Los Angeles Times
Pressure builds on mayor’s nomination
Senate recess, election could scuttle Garcetti’s shot at ambassador post
With the U.S. Senate scheduled to go on recess this week, is it now or never for Mayor Eric Garcetti and India?
The Senate typically pushes through a slog of bills and nominees before it goes on recess.
But it all comes down to whether Senate Majority Leader Charles E. Schumer (D-N.Y.) wants to take up a vote this week on the mayor’s nomination for the ambassador post.
If it doesn’t happen now, Garcetti faces an uncertain fall. In September, when the Senate returns, Schumer is less likely to schedule controversial votes and certainly not ones where an “aye” from every Democrat isn’t assured.
Then there’s the question of what will happen in November and beyond. If the Democrats lose the Senate — which isn’t a foregone conclusion but certainly possible — Garcetti’s nomination would probably be toast.
During the mayor’s trip to Washington in the latter part of July, Garcetti attended the Congressional Hispanic Caucus’ business meeting, according to a statement from the group.
The statement noted its “full support” for Garcetti for the India post and included a photo showing the mayor smiling alongside the group’s chairman, Rep. Raul Ruiz (D-Coachella).
The Hispanic Caucus is largely composed of lawmakers in the House, who have no formal role in Senate-confirmed positions such as an ambassador post.
Rep. Salud Carbajal (DSanta Barbara) did not attend the meeting but told The Times he briefly bumped into Garcetti at a social event last week.
In addition to Garcetti talking about his work for Los Angeles, Carbajal recalled: “We also chatted about his confirmation and what that’s looking like. And, by all accounts, I think there seems to be a positive path forward, for the most part.”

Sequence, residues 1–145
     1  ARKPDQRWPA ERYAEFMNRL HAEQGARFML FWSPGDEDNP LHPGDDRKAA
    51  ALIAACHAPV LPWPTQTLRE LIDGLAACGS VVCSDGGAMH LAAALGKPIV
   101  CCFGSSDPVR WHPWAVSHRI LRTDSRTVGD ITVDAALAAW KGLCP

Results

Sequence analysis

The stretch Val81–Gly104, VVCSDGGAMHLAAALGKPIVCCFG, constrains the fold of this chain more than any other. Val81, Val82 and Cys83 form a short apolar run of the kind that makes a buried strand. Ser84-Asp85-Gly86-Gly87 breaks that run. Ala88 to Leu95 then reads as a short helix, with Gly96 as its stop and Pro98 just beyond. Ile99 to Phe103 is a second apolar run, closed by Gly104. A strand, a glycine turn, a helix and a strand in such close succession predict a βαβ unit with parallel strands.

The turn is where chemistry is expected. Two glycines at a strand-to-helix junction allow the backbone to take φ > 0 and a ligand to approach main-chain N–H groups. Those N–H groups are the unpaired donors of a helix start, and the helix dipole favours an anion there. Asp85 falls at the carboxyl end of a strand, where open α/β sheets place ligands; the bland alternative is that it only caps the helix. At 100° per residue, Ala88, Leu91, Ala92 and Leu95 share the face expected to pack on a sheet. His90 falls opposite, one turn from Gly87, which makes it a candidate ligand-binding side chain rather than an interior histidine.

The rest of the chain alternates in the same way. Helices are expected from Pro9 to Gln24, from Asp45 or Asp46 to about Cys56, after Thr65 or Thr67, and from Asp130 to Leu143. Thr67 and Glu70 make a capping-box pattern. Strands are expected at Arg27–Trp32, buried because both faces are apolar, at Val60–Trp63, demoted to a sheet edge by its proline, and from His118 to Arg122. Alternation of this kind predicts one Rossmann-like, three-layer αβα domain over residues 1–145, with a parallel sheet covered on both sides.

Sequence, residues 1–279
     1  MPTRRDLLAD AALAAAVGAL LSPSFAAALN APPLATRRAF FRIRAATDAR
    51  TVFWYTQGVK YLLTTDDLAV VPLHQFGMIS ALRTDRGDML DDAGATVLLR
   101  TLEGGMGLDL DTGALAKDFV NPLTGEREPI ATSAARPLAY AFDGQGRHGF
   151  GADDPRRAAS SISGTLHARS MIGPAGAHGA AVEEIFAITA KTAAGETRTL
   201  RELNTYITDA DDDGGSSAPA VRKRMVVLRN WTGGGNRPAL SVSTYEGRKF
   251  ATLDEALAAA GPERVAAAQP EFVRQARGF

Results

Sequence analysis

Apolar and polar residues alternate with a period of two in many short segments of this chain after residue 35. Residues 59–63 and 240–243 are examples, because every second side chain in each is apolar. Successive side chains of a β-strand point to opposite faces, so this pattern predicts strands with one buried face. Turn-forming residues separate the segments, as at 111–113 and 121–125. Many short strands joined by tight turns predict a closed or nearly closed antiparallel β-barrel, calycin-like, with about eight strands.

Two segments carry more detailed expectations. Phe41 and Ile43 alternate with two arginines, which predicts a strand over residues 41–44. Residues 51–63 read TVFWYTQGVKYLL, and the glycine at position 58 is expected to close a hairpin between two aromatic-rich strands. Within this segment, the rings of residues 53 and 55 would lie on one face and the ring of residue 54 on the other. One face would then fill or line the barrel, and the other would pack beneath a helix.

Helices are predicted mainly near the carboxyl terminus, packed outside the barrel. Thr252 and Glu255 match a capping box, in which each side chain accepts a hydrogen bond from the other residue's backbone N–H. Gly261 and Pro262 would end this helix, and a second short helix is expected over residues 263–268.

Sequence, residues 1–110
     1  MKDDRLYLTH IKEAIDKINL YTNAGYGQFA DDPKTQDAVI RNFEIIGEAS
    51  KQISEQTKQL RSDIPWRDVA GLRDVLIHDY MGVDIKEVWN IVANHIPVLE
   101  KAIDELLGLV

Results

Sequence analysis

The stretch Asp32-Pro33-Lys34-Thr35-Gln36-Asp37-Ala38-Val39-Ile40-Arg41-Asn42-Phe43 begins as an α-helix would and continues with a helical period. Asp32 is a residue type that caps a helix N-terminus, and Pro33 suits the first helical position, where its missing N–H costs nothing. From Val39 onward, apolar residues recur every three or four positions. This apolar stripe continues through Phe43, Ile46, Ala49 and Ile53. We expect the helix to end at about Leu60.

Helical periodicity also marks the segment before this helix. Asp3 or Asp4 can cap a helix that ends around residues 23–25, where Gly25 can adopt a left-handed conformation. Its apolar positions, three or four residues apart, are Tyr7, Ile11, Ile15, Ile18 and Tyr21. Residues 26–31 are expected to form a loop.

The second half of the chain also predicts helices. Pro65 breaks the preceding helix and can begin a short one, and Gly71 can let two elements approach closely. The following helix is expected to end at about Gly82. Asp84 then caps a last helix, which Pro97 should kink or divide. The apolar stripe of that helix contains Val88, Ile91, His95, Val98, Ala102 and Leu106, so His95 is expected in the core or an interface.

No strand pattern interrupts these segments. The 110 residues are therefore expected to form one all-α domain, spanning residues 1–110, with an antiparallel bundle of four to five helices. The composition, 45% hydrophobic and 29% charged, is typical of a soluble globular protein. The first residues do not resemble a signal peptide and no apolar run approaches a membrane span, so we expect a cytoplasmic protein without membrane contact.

In recent weeks, reporters have seen the mayor at the White House and the Capitol complex.
The Senate Foreign Relations Committee advanced Garcetti’s nomination in January.
The Times reported in May that several Democrats expressed hesitation over backing Garcetti, suggesting bipartisan support would be necessary to get his nomination across the finish line.
The mayor and his former chief of staff face allegations that they were aware of a former top Garcetti aide’s inappropriate behavior. Both Garcetti and the former chief of staff deny the allegations, and the aide denies harassing anyone.
Sen. Tim Kaine (D-Va.), a member of the foreign relations panel, told The Times on Wednesday that there was an effort to appeal to Republicans who could support Garcetti on the Senate floor.
“I’ve just got nothing to report,” he said of the nomination’s status.
On Thursday, the mayor declined to say which Republicans he was courting to support his nomination. “I have been open and excited to talk to all,” Garcetti said, “whether they are Democratic or Republican senators.”
When a Times reporter asked whether it was “now or never” for his nomination, the mayor said he was “focused on being mayor” and added: “The meetings I took, I wasn’t in D.C. on this issue.”
“I took three different meetings,” he said, which were about transportation, COVID-19 and the Summit of the Americas.
When the reporter pointed out that he also met with the Hispanic Caucus, and told the mayor he wasn’t being truthful, Garcetti walked away.
The mayor was also seen recently in D.C. with Breelyn Pete, a lobbyist hired by Garcetti’s parents, Sukey and Gil Garcetti, to advocate for the mayor’s nomination.
The lobbying firm where she works reported Thursday $30,000 in income during the second quarter tied to Garcetti’s parents. The firm lobbied the White House, Senate and House, according to the firm’s filing.
The League of Conservation Voters also reported that it lobbied for Garcetti’s India post in the second quarter.
To this point, 95 of Biden’s ambassador nominees have been confirmed. Garcetti is one of 34 nominations being considered, according to the Partnership for Public Service.
Former Chicago Mayor Rahm Emanuel also faced opposition from some Democratic senators after he was nominated to be ambassador to Japan, but several Republican senators backed him when it came time for his Senate vote.
Times staff writers Nolan McCaskill in Washington and Julia Wick in Los Angeles contributed to this report.
A version of this article originally appeared in The Times’ local elections newsletter, L.A. on the Record. To subscribe, visit www.latimes.com/ newsletters.